More violence 

After I blogged Cirillo and Taleb’s new paper on the long-term trend in war deaths, I read other commentaries on the debate (William Briggs, Dart-Throwing Chimp, STATS.org) and interacted with the authors. All that sharpened my thinking. Refinements:

  • The paper is postured as a rejoinder to Steven Pinker. But I think if you are going use statistics to show that someone else is wrong, you should 1) state precisely what view you question, 2) provide examples of your opponent espousing this view, and 3) run statistical tests specified to test this view. Cirillo and Taleb skip the first two and hardly do the third. The “long peace” hypothesis is never precisely defined; Pinker’s work appears only in some orphan footnotes; the clear meaning of the “long peace”—a break with the past in 1945—is never directly tested for.
  • Largely, the paper argues that the historical data do not appear improbable if we assume no trend over 2,000 years in war deaths. That is, the data are consistent with no trend. Pinker argues that the data are compatible with a decline, at least after 1945. But the first statement does not contradict the second. Normally competition between models is decided by fitting a single model that encompasses both, then testing whether a differentiating parameter, such as the coefficient on a post-1945 dummy, is statistically different from zero. As I explained last time, Cirillo and Taleb could do that with their models but don’t. So there is hardly any direct confrontation of the two theories.
  • The cause for the modifier “hardly” is a single graph in the paper, Figure 8. Cirillo and Taleb check whether the average number of years between significant wars (those causing at least 50,000 deaths after rescaling to today’s population of 7.2 billion) exhibits serial correlation. If the gap between two such wars is short, should we expect the wait time for the next one (or the one after that, or the one after that…) to also be shorter? That would indicate time patterns in the frequency of significant wars. Cirillo and Taleb find no such correlation, looking as far ahead as the next 20 wars. (In my last post I incorrectly described this as next 20 years.) This is the sole reported basis for the assertion of no time trend.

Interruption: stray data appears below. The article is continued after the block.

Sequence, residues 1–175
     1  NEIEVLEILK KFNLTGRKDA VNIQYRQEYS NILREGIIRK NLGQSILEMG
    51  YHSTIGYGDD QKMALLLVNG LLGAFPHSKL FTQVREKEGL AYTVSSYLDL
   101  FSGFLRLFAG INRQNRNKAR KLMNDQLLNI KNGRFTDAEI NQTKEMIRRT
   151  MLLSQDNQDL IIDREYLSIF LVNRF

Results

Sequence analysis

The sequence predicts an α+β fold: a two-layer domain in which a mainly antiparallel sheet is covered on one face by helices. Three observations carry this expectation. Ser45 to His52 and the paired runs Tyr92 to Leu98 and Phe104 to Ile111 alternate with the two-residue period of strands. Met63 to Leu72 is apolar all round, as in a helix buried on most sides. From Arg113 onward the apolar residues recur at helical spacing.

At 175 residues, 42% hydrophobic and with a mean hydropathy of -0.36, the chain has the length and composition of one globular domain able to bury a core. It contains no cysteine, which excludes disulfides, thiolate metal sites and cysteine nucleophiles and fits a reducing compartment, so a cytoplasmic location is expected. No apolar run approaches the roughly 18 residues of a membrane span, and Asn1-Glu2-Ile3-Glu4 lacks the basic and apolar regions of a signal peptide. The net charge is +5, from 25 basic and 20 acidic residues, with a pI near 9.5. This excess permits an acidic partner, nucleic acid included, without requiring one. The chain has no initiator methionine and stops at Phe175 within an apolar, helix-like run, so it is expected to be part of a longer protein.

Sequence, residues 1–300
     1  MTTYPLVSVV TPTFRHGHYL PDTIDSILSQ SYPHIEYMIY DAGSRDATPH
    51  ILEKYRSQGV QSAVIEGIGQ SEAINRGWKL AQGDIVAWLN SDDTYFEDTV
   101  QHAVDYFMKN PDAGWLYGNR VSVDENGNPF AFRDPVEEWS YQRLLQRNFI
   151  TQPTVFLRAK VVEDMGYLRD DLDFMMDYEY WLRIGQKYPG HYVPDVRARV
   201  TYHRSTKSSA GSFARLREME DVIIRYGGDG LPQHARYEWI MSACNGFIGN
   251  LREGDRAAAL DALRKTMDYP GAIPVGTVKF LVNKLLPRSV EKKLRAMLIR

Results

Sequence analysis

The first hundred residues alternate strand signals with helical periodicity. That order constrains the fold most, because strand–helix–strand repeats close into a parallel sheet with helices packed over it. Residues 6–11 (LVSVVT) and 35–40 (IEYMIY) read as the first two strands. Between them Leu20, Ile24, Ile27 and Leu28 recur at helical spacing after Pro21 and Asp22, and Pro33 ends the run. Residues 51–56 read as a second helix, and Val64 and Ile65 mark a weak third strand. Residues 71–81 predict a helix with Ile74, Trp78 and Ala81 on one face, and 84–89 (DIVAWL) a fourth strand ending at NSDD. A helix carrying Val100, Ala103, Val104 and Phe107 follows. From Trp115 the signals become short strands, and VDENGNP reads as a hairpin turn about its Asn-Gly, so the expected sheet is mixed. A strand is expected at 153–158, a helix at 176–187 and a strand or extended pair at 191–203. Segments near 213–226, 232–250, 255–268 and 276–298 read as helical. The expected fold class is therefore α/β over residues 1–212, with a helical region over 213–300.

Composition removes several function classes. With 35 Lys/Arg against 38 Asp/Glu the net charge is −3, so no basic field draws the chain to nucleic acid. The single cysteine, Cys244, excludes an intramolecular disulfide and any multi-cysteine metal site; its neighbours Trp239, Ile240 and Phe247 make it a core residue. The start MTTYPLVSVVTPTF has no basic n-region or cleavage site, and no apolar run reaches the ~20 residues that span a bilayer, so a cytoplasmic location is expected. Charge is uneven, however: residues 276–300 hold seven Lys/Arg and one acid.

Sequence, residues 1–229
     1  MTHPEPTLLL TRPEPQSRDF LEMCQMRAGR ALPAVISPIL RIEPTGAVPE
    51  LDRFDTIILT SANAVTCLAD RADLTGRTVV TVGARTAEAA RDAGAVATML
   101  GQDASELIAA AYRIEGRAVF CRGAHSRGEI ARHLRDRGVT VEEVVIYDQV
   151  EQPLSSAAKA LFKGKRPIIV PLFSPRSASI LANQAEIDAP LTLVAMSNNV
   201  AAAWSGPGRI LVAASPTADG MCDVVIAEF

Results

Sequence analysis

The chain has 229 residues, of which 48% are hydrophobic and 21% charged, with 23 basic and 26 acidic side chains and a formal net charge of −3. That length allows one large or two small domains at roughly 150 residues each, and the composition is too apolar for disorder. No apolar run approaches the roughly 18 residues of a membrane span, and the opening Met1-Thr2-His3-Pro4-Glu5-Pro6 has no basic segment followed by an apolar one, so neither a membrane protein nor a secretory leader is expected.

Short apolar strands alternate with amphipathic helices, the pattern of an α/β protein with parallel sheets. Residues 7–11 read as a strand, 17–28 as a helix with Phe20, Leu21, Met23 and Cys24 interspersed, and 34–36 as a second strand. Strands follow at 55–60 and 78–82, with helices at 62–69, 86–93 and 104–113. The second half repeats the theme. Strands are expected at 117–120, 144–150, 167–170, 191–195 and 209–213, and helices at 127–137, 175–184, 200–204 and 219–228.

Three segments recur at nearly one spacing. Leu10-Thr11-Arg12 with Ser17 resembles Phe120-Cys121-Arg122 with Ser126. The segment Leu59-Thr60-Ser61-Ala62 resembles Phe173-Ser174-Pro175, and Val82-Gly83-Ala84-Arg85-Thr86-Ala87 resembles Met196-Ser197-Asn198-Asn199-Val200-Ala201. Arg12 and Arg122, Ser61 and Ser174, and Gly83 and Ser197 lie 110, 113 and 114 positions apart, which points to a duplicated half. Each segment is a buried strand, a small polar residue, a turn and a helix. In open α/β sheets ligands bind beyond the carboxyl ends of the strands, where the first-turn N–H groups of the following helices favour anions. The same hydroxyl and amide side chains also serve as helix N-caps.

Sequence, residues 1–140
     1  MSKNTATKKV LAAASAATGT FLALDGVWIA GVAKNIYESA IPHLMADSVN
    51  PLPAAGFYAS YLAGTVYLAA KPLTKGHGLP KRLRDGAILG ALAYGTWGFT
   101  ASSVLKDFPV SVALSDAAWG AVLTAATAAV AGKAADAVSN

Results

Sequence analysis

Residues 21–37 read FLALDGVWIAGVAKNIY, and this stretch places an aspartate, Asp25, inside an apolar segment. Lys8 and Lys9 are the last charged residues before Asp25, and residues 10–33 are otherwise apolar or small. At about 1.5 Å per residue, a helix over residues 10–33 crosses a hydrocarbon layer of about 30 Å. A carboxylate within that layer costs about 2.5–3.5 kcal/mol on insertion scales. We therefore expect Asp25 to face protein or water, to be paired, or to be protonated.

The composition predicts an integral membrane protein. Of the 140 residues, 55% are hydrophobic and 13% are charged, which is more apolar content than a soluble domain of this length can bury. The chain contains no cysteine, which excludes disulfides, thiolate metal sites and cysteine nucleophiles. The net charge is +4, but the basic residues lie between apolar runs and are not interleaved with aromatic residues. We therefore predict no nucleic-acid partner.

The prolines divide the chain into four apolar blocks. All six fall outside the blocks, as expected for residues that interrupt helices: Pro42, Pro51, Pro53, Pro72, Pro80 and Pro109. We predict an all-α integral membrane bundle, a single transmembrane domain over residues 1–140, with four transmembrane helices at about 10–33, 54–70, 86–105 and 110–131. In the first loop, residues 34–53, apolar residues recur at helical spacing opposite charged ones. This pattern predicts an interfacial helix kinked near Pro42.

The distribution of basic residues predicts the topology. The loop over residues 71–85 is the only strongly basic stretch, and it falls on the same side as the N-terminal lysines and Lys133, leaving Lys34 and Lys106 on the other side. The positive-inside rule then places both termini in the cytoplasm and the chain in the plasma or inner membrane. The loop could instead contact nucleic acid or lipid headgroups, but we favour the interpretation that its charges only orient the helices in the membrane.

My suspicion was that the averages of such correlations over 2014 years are a weak basis for detecting a long peace in the last 69. So I ran simulations, which appear to confirm this suspicion. The simulations assume that a significant war occurred on average once every 3 years until 1945, and once every 10 after. The Ljung-Box test based on the first 20 serial correlations is revealed as having no power to detect a “long peace.” But adding a post-1945 dummy to a model of the probabilistic process (a Poisson model) works very well.
  • I guessed at one-in-three as the average war rate in the Cirillo and Taleb data set because they never report their sample size. I asked the authors about the true rate and offered to “tweak [the] simulation for realism.” Cirillo did not disclose the sample size and suggested I “wait until the final version of the paper, when data will be shared for everyone to check.” So for now, the advancement of the researchers appears to have trumped the advancement of research. Cirillo did seem to support the use of the Ljung-Box test.
  • Taleb is comically arrogant. I am a “BSer” on whom Cirillo is “wasting your precious dinner time.” Apparently Taleb often behaves this way, so I shouldn’t feel special about the attention.

It looks as though Cirillo and Taleb have never checked for a trend break at 1945, even though that is the clear meaning of the “long peace” assertion they claim to challenge. Perhaps they see themselves as testing for some other pattern in the time domain. But that gets back to my first point: I can’t really tell what assertion they are challenging and who, if anyone, espouses it.

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  • Mike Spagat

    Hi. Thanks for this post which is very interesting.

    The simulations you do are useful. However, I think that at some point you have to get stuck on the point that for really big wars that occur very infrequently 70 years won’t be long enough to detect even a big shift in the risk of war with this sort of analysis…..unless you’re prepared to extrapolate from a shift down in the risk of wars of, say, size 100,000 and below to a shift down in the risk of much bigger wars. That said, the sense that war sizes are a scaleable phenomenon would tend to suggest that such an extrapolation might be OK.

    Separately, the term “long peace” was originally coined to refer to the post-WWII absence of a major war between the world’s major powers, specifically between the USA and the USSR . The long peace is certainly related to the current discussion since a really big war would likely be a war between major powers. But it is potentially confusing to many people familiar with the literature to identify the decline of war with the long peace.

  • David Roodman

    Hi Mike. Yes, it certainly seems likely that 70 years is too short to assess a trend break in the rate per unit time of events that large. I expect Pinker would agree. But I think both your points just get back to the need for a precise statement of the hypothesis they are trying to rebut.